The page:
Commercial real estate is often a lucrative endeavor. However, the number of commercial loans available for property can feel overwhelming to someone who is just starting out. A quick guide will help you learn the terms and have a better understanding of which type of loan is right for you.
Commercial Bridge Loans
If you need short-term working capital, a commercial bridge loan may be the right choice for you. This loan will usually have a higher interest rate since the terms typically only cover 6-12 months of expenses. The specific interest rate may vary depending on the type of deal you strike with your lender. Commercial bridge loans are an excellent option if you have an upcoming balloon payment on a lease or if you want to purchase a new property while you wait on a current one to sell.
A fixed-rate mortgage is a type of traditional loan and is most common among investors. These loans work much like the ones that homeowners use in that you must pay a minimum down payment (typically about 25 percent) and then pay a monthly mortgage payment for up to 30 years. Before acquiring the financing, the lender will require an appraisal of the property and a copy of the company’s financials.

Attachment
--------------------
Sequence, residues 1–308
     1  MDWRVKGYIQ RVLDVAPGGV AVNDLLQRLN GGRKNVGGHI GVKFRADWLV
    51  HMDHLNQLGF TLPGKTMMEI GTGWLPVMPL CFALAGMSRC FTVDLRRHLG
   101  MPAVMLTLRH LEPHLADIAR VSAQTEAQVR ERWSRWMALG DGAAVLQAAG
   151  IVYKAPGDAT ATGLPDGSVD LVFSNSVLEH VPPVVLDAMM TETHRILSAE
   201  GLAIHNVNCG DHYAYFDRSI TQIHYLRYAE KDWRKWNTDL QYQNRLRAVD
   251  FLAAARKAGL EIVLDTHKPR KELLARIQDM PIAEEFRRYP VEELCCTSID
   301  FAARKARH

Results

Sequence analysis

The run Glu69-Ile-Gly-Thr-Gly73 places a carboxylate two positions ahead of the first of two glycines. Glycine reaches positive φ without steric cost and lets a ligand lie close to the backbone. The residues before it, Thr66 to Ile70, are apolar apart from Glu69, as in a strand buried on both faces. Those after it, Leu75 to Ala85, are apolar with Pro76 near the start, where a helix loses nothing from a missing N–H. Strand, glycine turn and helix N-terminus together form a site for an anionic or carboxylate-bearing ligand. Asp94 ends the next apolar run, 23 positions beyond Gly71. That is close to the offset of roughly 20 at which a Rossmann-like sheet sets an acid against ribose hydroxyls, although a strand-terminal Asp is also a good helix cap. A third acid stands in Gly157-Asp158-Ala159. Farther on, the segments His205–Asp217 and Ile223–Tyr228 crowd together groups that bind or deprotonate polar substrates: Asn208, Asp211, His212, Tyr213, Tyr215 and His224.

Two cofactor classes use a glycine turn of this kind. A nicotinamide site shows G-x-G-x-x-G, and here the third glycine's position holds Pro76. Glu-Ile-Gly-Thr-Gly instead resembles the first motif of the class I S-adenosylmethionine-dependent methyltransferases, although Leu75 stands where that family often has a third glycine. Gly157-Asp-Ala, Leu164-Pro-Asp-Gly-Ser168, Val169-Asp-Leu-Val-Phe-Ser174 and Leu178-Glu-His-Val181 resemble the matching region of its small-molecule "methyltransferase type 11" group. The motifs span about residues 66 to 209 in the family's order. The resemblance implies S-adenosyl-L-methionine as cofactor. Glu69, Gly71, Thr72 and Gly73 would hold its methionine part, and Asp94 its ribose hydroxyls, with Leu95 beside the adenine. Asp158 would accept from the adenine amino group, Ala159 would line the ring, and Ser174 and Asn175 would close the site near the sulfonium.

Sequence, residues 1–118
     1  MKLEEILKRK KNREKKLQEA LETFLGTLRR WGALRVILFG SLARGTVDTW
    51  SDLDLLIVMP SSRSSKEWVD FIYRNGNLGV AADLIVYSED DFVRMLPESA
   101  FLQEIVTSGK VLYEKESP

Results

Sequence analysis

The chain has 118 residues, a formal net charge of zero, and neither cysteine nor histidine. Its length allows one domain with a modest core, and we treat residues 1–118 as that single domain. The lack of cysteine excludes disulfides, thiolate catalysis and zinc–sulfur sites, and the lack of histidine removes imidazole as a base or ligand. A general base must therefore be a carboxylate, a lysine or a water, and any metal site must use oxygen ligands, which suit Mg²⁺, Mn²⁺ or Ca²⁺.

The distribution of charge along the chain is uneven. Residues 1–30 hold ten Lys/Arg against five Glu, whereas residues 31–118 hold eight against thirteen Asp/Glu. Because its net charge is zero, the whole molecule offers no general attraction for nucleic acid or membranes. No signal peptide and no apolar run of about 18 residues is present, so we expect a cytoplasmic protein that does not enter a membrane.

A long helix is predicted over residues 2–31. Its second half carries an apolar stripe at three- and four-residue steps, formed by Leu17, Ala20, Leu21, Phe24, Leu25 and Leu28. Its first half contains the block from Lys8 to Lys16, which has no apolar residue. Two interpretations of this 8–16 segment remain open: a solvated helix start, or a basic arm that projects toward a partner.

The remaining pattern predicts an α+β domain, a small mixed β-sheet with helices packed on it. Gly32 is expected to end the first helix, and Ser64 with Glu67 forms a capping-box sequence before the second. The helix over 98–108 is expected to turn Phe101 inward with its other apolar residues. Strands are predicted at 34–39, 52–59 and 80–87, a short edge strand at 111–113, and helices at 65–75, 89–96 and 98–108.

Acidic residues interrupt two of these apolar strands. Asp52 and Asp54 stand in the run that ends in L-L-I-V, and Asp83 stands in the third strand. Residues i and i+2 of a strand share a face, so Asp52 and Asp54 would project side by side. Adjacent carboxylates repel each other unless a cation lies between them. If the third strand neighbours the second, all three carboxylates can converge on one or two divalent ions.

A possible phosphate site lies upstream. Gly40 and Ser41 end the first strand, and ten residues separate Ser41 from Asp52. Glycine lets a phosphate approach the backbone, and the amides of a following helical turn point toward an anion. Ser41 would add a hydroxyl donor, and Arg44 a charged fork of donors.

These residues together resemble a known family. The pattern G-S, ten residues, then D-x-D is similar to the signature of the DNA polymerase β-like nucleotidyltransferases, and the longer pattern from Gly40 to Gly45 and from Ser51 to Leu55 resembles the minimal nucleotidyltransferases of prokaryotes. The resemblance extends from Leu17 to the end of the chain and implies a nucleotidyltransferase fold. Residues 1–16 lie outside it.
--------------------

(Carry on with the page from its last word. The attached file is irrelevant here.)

Hard Money Loans
A nontraditional commercial real estate loan, a hard money loan uses the real estate you already have as collateral. Another source of short-term financing, this type of loan is usually used by people who need to purchase or renovate a property quickly. A good option for people who may not have high credit themselves but do have high-value property, this loan has interest rates from 10-20 percent in most cases and usually takes between 30 and 60 days to be approved.
A traditional loan available through traditional lenders, SBA loans are available as 7(a) or 504 options. The 7(a) loan is the most common and is available for borrowers who want to purchase or refinance property for their own businesses or who need working capital. They have a maximum amount of $5 million. 504 loans, which do not have a maximum amount, typically have 20-year terms and a fixed interest rate. Like 7(a) financing, 504 financing requires the owner to occupy at least 51 percent of the building.
Mezzanine financing can be structured in several ways, including as junior debt, such as a second mortgage, or as preferred equity in a joint-venture project. This type of financing is secured with the property’s equity and tends to be a riskier choice.
Now that you know about the different types of commercial real estate loans, all you need to do is find a reputable lender that can help you obtain the loan that’s best for you.